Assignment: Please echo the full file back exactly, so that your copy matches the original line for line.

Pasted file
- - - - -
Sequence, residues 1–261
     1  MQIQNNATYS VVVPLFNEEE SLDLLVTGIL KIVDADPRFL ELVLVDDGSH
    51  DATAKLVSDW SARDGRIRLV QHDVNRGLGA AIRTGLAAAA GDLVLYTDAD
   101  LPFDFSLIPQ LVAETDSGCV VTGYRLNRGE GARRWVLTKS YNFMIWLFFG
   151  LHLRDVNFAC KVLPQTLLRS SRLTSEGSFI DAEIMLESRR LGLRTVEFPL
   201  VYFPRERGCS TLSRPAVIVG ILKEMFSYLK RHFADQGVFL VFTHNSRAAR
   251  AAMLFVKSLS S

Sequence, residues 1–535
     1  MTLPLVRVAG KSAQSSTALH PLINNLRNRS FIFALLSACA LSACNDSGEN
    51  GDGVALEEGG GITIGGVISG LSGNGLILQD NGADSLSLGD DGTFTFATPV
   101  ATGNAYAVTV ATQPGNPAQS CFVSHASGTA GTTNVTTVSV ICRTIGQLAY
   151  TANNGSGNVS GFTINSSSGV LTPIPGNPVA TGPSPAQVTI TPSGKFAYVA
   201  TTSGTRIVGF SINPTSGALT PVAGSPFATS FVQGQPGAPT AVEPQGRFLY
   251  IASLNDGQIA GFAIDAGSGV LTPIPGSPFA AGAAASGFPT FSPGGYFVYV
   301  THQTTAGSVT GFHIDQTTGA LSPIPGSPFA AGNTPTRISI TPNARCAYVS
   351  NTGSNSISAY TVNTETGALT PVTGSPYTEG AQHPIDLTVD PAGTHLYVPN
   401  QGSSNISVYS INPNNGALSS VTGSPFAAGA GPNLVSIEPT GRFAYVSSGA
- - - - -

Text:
Sequence, residues 1–261
     1  MQIQNNATYS VVVPLFNEEE SLDLLVTGIL KIVDADPRFL ELVLVDDGSH
    51  DATAKLVSDW SARDGRIRLV QHDVNRGLGA AIRTGLAAAA GDLVLYTDAD
   101  LPFDFSLIPQ LVAETDSGCV VTGYRLNRGE GARRWVLTKS YNFMIWLFFG
   151  LHLRDVNFAC KVLPQTLLRS SRLTSEGSFI DAEIMLESRR LGLRTVEFPL
   201  VYFPRERGCS TLSRPAVIVG ILKEMFSYLK RHFADQGVFL VFTHNSRAAR
   251  AAMLFVKSLS S

Sequence, residues 1–535
     1  MTLPLVRVAG KSAQSSTALH PLINNLRNRS FIFALLSACA LSACNDSGEN
    51  GDGVALEEGG GITIGGVISG LSGNGLILQD NGADSLSLGD DGTFTFATPV
   101  ATGNAYAVTV ATQPGNPAQS CFVSHASGTA GTTNVTTVSV ICRTIGQLAY
   151  TANNGSGNVS GFTINSSSGV LTPIPGNPVA TGPSPAQVTI TPSGKFAYVA
   201  TTSGTRIVGF SINPTSGALT PVAGSPFATS FVQGQPGAPT AVEPQGRFLY
   251  IASLNDGQIA GFAIDAGSGV LTPIPGSPFA AGAAASGFPT FSPGGYFVYV
   301  THQTTAGSVT GFHIDQTTGA LSPIPGSPFA AGNTPTRISI TPNARCAYVS
   351  NTGSNSISAY TVNTETGALT PVTGSPYTEG AQHPIDLTVD PAGTHLYVPN
   401  QGSSNISVYS INPNNGALSS VTGSPFAAGA GPNLVSIEPT GRFAYVSSGA